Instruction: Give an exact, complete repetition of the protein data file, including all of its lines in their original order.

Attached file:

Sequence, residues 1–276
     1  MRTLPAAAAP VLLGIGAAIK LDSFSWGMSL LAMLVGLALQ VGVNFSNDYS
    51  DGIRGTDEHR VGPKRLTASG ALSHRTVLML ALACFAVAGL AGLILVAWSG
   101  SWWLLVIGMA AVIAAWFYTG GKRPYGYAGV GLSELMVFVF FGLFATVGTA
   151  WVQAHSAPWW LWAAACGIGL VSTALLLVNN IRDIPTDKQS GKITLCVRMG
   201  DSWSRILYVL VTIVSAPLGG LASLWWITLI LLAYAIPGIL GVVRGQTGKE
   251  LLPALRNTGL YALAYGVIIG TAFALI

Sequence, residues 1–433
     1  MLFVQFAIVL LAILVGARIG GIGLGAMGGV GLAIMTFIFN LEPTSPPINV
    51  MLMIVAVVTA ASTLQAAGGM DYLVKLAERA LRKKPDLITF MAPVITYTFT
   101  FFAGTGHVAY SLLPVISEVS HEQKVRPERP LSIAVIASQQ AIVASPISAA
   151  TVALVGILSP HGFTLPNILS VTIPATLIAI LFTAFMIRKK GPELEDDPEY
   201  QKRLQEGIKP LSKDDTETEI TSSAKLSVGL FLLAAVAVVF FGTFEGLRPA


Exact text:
Sequence, residues 1–276
     1  MRTLPAAAAP VLLGIGAAIK LDSFSWGMSL LAMLVGLALQ VGVNFSNDYS
    51  DGIRGTDEHR VGPKRLTASG ALSHRTVLML ALACFAVAGL AGLILVAWSG
   101  SWWLLVIGMA AVIAAWFYTG GKRPYGYAGV GLSELMVFVF FGLFATVGTA
   151  WVQAHSAPWW LWAAACGIGL VSTALLLVNN IRDIPTDKQS GKITLCVRMG
   201  DSWSRILYVL VTIVSAPLGG LASLWWITLI LLAYAIPGIL GVVRGQTGKE
   251  LLPALRNTGL YALAYGVIIG TAFALI

Sequence, residues 1–433
     1  MLFVQFAIVL LAILVGARIG GIGLGAMGGV GLAIMTFIFN LEPTSPPINV
    51  MLMIVAVVTA ASTLQAAGGM DYLVKLAERA LRKKPDLITF MAPVITYTFT
   101  FFAGTGHVAY SLLPVISEVS HEQKVRPERP LSIAVIASQQ AIVASPISAA
   151  TVALVGILSP HGFTLPNILS VTIPATLIAI LFTAFMIRKK GPELEDDPEY
   201  QKRLQEGIKP LSKDDTETEI TSSAKLSVGL FLLAAVAVVF FGTFEGLRPA